Tonbridge History

The Bank Street Poor House and School

Bank Street used to be called Workhouse Lane because of its main building which was the Tonbridge Poor House for over a hundred years up to the 1830s. It then became a National School and remained a school until the 1960s and then, after lying derelict, was converted in the 1980s into offices while preserving the original frontage.

The Poor House – 1720s to 1836

The Old Parish Poor House

'The Old Parish Poor House' in a drawing by George Mackley for Neve's 'Tonbridge of Yesterday', 1933

Kate Levick in Bygone Kent (Volume 6, No. 2) gives 1723 as the date for the building of the Poor House in Bank Street but other sources give 1726 and 1729. It certainly served to give support to the poor in Tonbridge for over a century with pauper women sitting outside the Poor House producing flax thread on spinning wheels and pauper men working inside the Poor House. A Parliamentary report in 1777 recorded Tonbridge Workhouse as providing for up to 130 inmates.

A major overhaul of the national system for poor relief resulted in the 1834 Poor Law Amendment Act which set up workhouses based on `indoor relief` where the poor had to go into the workhouses to live in order to get any relief. These new workhouses were to be managed by locally appointed Boards of Guardians. The new Tonbridge Board held its first meeting on the 7th November 1835 at the Bank Street workhouse and, at a meeting a week later, the Board decided to build a new workhouse to accommodate up to 500 inmates. Land at Pembury was bought from James Alexander for £100 and the new building was completed by December 1836. The poor from Bank Street moved there, leaving the Bank Street premises empty. The Pembury Workhouse buildings eventually became part of Pembury Hospital.

Bank Street School – 1845 to 1964

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'The Parish Church School', Bank Street, early 20thC (THS11A.06)

After the last of the paupers moved from the Bank Street Poorhouse to the Pembury site, the building was adapted for use by the National Society for Educating Children. The Parish Church vestry minutes for June 11th 1841 show that a tender on behalf of the National Schools for a 30 year lease of the building at £20 per annum was accepted. Although known as the ‘National School’, it was effectively controlled by the Parish Church and run as a church school. The original two storey building was enlarged by adding a further floor and the frontage with gables and hung tiles created that is still its appearance today.

The school opened in January 1845 initially for children aged between two and seven and then later that year for older boys and girls. A small fee of two old pence (less than 1p) per week had to be paid for each child until 1870 when fees were abolished. By 1860 there were 170 on the school roll but many did not attend regularly. The school log recorded pupils being kept away for hop picking, helping parents at home or caring for younger brothers or sisters. The teachers at this time were paid about £30 per year with help given by paid monitors and pupil teachers. Pupils were taught under the "payment by results" system which meant that the government grant the school got was based on how well their pupils did in front of school inspectors in a variety of tasks. This created much stress for both teachers and pupils.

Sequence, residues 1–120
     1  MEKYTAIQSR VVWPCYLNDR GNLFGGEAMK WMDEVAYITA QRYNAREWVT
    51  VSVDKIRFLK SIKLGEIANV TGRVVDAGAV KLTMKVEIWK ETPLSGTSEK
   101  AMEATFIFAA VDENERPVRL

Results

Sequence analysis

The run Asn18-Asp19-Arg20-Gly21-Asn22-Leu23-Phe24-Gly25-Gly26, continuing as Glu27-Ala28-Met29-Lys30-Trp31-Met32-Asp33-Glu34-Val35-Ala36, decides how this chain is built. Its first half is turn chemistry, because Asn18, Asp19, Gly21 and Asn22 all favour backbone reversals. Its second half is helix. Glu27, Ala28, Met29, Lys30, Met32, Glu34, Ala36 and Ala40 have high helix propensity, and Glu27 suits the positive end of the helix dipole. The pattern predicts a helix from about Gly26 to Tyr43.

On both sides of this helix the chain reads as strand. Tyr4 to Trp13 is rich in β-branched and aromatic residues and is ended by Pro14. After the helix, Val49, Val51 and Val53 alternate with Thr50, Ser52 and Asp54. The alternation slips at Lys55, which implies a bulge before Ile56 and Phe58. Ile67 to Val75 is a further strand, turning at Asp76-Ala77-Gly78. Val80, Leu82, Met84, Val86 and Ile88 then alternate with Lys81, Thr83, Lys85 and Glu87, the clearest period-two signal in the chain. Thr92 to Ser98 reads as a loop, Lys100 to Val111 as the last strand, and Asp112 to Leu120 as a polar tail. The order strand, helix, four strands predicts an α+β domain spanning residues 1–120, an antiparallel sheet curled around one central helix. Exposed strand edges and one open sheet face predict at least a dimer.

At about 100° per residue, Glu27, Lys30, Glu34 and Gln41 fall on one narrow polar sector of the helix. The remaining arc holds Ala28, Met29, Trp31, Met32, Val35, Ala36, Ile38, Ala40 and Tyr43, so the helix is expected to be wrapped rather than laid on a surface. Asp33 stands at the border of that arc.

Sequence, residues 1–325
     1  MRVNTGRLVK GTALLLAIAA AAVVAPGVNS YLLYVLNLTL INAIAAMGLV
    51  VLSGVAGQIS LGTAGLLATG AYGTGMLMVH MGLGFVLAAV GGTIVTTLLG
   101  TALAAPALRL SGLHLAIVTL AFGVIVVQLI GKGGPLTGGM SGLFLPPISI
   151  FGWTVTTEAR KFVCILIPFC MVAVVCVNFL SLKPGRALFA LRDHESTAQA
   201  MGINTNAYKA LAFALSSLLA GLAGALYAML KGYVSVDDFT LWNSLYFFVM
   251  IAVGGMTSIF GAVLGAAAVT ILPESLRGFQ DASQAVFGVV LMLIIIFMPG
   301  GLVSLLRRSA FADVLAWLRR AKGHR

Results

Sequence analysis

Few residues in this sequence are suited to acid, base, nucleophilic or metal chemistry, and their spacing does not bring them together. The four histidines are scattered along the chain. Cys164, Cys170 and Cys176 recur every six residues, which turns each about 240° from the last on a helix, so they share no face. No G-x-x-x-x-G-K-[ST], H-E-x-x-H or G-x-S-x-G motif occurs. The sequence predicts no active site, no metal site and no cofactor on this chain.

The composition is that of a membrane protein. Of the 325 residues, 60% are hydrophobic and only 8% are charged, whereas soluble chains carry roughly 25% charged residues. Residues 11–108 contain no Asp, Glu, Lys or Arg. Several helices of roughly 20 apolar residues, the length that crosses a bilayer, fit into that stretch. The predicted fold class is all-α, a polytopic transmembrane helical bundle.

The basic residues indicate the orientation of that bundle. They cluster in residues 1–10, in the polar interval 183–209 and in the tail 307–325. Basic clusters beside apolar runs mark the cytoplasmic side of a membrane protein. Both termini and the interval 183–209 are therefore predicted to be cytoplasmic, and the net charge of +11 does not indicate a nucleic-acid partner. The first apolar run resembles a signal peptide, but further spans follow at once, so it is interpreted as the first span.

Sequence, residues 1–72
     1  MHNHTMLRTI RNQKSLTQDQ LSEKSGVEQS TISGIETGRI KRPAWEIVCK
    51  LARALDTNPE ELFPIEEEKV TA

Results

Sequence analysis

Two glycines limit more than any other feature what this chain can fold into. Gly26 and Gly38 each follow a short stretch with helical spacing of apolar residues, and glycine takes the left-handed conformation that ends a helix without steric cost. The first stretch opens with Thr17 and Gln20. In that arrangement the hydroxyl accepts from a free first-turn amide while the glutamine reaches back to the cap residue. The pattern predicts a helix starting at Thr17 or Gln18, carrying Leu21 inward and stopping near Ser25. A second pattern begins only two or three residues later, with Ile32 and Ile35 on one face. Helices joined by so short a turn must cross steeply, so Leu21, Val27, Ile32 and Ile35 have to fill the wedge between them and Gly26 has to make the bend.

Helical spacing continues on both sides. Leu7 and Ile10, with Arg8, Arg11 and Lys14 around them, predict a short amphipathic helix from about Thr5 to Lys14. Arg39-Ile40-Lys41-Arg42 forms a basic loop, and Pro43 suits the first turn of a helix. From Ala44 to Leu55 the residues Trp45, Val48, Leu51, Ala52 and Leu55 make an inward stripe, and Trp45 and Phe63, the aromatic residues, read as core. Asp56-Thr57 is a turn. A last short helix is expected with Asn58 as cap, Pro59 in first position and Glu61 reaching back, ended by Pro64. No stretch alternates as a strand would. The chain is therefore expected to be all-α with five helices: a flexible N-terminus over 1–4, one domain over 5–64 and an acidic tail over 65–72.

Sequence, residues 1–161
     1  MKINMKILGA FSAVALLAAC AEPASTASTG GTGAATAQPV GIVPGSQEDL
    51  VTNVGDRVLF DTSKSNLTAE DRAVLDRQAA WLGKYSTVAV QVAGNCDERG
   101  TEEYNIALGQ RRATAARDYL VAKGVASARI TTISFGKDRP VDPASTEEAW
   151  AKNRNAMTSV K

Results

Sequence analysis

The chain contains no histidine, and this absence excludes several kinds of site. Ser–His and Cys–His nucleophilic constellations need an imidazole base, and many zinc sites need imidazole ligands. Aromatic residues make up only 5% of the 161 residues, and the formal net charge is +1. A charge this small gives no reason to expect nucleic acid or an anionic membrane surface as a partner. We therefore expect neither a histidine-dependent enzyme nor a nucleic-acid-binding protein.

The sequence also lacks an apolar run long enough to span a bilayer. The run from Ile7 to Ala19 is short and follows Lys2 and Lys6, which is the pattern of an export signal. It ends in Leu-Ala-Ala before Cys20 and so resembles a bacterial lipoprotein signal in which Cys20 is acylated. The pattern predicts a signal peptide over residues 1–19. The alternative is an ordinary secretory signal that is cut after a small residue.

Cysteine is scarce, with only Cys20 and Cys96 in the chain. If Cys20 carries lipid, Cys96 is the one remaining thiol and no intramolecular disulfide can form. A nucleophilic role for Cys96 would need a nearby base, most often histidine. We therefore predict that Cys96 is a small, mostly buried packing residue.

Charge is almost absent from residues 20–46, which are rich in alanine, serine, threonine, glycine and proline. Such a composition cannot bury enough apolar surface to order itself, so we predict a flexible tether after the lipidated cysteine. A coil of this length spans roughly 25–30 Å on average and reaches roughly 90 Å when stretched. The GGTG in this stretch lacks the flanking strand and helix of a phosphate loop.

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Girls Class 4 at the National Schools, date unknown (THS11A.10)

Pupil numbers increased steadily during the nineteenth century, making conditions in the school more and more crowded and outbreaks of disease more common. In 1893 in fact, the school was closed for a time due to an outbreak of scarlet fever. Finally in 1907, the boys were transferred to the new Slade School which gave the girls more room, although by 1910 there were still 250 girls on the roll and some teaching was done in the upper rooms. This however soon stopped when an inspection reported this as a fire hazard.

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The staff of the National Schools in 1898 (THS11A.20)

One notable teacher was Miss Minnie Rowe who taught at the school for 40 years from 1888, the last 25 years working as Headmistress. During this time, in 1919, the Kent Education Committee reported that it was one of the best kept schools in Kent. One interesting name in the school log book for this period is a Mr Charles Harvey of the Kent Band of Hope. He lectured the children on the effects of alcohol and the importance of hygiene. His name first appeared in 1898 and he is still referred to in 1931 in that capacity!

By 1946 it was possible to use only the ground floor for any purpose and there were 272 pupils on the roll, crowded into seven rooms and using only two playgrounds. Finally, in 1964, when Woodlands Junior School opened, all the pupils were transferred there. In 1966, the old school was closed and it remained empty for sixteen years. The building suffered from vandalism but a conservation order was placed on it and in the early 1980s, it was refurbished and converted to office use, while keeping its external appearance. It is currently occupied by a firm of solicitors.

>More school photos here

>More history on the Woodlands School website.

>Details and pictures of the later Tonbridge Workhouse at Pembury are on the very comprehensive Workhouses site.